Many people dream of starting a family, but the road to parenthood isn’t always simple. In fact, nearly a third (27%) of Twin Cities respondents trying to conceive admit to having struggled with infertility, according to the 2021 State of Fertility survey conducted by Minneapolis fertility center CCRM Fertility.
Lindsay Lewis, a Minneapolis resident, was once a member of that struggling group. She wanted a family but did not have a partner. She was 38 years old, so the clock was ticking. On top of that, her OBGYN detected uterine fibroids—often asymptomatic growths in the uterus—of which causes are unknown. She turned to CCRM Fertility and Dr. April Batcheller, co-founder of CCRM Minneapolis, who is board-certified in both reproductive endocrinology and infertility, as well as obstetrics and gynecology, for help. As a patient of Dr. Batcheller, Lewis knew she was in good hands and they devised a custom-tailored plan forward.
“It’s worth being aware and having conversations and tests to just figure out where you’re at,” Lewis says. “I always knew [the CCRM Fertility staffers were] looking out for me.”
Dr. Batcheller approached Lewis’ circumstances with optimism and assured her that she had multiple options. First, they did four intrauterine inseminations (IUIs), but none resulted in pregnancy. Then, Dr. Batcheller recommended that Lewis harvest her eggs and pursue using a surrogate. Lewis’ lifelong best friend readily volunteered and CCRM Fertility carefully vetted her to make sure she was a good fit. In February 2021, Lewis finally became a mom.
“When friends of mine tell me they’re interested in having children, I encourage them to talk to their doctor and consider seeing a fertility specialist,” Lewis says.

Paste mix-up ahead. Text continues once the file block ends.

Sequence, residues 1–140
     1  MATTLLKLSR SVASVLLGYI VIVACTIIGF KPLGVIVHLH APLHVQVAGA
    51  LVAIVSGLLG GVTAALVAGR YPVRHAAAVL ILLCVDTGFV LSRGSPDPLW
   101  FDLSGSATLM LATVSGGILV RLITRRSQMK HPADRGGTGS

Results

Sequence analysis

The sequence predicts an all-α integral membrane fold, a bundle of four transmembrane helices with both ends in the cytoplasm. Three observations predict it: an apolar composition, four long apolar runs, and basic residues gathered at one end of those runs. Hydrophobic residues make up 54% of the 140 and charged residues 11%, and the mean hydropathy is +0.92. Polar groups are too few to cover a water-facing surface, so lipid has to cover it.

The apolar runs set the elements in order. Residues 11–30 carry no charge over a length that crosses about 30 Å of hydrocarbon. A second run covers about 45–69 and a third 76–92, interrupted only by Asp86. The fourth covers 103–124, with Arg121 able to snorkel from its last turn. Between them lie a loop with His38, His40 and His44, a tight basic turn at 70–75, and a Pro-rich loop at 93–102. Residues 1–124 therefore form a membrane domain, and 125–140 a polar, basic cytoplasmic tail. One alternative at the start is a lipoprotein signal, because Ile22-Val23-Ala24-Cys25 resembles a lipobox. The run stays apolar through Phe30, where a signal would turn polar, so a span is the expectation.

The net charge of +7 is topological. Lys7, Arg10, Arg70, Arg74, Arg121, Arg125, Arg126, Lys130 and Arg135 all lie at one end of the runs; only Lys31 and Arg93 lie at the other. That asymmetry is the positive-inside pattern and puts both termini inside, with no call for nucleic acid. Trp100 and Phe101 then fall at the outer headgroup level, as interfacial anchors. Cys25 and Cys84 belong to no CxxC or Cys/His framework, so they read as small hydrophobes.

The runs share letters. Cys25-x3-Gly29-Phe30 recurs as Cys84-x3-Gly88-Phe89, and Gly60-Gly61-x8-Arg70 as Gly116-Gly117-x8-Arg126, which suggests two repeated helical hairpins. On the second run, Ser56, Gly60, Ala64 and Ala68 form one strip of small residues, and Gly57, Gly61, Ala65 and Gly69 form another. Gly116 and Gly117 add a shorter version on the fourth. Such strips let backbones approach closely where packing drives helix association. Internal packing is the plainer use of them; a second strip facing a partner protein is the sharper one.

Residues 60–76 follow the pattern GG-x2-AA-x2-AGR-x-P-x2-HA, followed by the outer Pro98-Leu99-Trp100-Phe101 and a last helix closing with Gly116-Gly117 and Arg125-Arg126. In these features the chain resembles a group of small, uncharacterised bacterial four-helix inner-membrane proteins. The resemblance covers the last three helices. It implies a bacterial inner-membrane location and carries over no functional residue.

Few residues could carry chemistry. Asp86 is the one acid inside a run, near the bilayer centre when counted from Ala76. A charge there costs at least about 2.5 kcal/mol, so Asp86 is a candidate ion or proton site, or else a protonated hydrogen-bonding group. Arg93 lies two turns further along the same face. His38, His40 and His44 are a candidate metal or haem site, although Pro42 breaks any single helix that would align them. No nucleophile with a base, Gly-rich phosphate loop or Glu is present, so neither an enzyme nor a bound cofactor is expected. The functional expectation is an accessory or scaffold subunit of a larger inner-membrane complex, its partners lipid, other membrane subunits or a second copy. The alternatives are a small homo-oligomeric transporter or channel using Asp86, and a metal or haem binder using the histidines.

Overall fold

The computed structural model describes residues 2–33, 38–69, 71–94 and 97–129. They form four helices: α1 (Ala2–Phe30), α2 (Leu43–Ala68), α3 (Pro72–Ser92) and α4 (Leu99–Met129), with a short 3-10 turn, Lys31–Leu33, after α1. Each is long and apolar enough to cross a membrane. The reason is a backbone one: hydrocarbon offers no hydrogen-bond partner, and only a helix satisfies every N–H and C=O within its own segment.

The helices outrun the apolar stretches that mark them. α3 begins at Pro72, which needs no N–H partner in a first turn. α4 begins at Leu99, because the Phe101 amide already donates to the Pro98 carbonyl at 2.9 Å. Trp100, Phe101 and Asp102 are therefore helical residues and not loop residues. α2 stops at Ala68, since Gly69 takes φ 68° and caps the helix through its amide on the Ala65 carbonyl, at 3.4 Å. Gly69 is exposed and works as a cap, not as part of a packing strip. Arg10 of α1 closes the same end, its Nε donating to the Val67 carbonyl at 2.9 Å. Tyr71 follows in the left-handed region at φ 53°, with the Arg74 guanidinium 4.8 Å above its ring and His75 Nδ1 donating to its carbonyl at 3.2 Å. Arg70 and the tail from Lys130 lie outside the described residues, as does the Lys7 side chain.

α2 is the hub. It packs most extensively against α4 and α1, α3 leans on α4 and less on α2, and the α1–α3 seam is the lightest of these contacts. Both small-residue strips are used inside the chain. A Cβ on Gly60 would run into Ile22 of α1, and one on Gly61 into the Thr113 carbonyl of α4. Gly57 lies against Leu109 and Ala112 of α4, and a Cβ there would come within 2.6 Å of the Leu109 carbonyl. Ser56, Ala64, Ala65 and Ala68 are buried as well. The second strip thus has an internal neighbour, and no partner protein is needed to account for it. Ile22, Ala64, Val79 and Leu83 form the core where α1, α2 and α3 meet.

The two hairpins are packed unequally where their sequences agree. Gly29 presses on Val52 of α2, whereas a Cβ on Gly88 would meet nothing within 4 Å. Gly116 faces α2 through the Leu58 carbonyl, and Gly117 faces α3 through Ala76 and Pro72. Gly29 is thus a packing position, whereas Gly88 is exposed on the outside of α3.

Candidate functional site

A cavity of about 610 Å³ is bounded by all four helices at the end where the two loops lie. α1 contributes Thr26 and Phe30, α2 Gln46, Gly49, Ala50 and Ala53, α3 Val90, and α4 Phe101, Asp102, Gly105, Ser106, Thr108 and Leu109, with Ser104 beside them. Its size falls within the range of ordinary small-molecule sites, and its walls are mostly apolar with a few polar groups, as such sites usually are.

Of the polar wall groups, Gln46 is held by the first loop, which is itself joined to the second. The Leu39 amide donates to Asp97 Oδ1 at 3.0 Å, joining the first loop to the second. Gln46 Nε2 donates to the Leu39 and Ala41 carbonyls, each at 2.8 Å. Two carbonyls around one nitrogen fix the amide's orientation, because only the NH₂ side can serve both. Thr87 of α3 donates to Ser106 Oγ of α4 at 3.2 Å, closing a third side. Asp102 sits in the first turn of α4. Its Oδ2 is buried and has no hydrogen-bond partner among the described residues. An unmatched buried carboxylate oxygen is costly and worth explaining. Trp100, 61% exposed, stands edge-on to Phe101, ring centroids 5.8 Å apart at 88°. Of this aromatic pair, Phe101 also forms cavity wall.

According to CCRM’s State of Fertility Survey which surveyed 1,000 Minneapolis residents, less than a quarter (22%) of people find themselves to be “very informed” about their fertility health, with 23% never having thought to get checked by a doctor regarding their fertility.
Compassionate fertility care
Mary Kole and her husband knew they were ready to become parents but had difficulty conceiving. When they tried in vitro fertilization (IVF), it was a success for their first child. But when it came time to try for another, it resulted in a wave of trauma. The second IVF process left Kole feeling out of control and emotionally and physically drained. They lost their new baby girl, Ella, from a rare brain disorder just two weeks after her birth.
Kole and her husband were in a tough place but made an appointment at the recently opened CCRM Fertility clinic in Minneapolis when they felt ready again. Despite being new to the area, Kole and her husband knew that CCRM Fertility is a global pioneer in fertility science, research and treatment, and knew this would be their best chance of success.
Their CCRM Fertility experience with IVF—unlike a previous one at a different clinic—was professional and empathetic. It was clear to the couple that CCRM Fertility was “so committed to helping us and supporting us the whole way through.” Kole and her husband welcomed a new daughter on Halloween in 2020.
Reflecting on her fertility experience, Kole says that one of one of the hardest things about it is how isolating it can feel.
“You think you’re the only person in the world going through this. It’s more common than you understand, but it can be the loneliest experience,” she says. “Dr. Batcheller immediately took me in. She treated me with such dignity, grace, and understanding. I knew she was the doctor for us.”
For more information about CCRM Fertility Minneapolis or to inquire about fertility treatment options, visit ccrmivf.com/minneapolis.